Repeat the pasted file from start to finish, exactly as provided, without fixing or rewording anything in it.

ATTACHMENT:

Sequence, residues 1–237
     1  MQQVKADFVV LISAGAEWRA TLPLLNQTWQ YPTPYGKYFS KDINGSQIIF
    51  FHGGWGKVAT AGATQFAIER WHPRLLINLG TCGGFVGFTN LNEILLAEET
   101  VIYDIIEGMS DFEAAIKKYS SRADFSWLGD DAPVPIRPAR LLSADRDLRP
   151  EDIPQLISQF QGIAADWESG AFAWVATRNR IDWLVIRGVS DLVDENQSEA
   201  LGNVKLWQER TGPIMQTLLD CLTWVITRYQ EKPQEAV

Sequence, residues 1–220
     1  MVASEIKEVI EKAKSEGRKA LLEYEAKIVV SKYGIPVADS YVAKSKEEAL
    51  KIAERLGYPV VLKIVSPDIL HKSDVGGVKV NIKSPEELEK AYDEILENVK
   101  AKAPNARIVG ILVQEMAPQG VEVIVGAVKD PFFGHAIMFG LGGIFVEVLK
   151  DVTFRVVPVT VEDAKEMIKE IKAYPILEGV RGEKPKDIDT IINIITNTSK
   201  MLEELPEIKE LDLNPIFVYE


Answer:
Sequence, residues 1–237
     1  MQQVKADFVV LISAGAEWRA TLPLLNQTWQ YPTPYGKYFS KDINGSQIIF
    51  FHGGWGKVAT AGATQFAIER WHPRLLINLG TCGGFVGFTN LNEILLAEET
   101  VIYDIIEGMS DFEAAIKKYS SRADFSWLGD DAPVPIRPAR LLSADRDLRP
   151  EDIPQLISQF QGIAADWESG AFAWVATRNR IDWLVIRGVS DLVDENQSEA
   201  LGNVKLWQER TGPIMQTLLD CLTWVITRYQ EKPQEAV

Sequence, residues 1–220
     1  MVASEIKEVI EKAKSEGRKA LLEYEAKIVV SKYGIPVADS YVAKSKEEAL
    51  KIAERLGYPV VLKIVSPDIL HKSDVGGVKV NIKSPEELEK AYDEILENVK
   101  AKAPNARIVG ILVQEMAPQG VEVIVGAVKD PFFGHAIMFG LGGIFVEVLK
   151  DVTFRVVPVT VEDAKEMIKE IKAYPILEGV RGEKPKDIDT IINIITNTSK
   201  MLEELPEIKE LDLNPIFVYE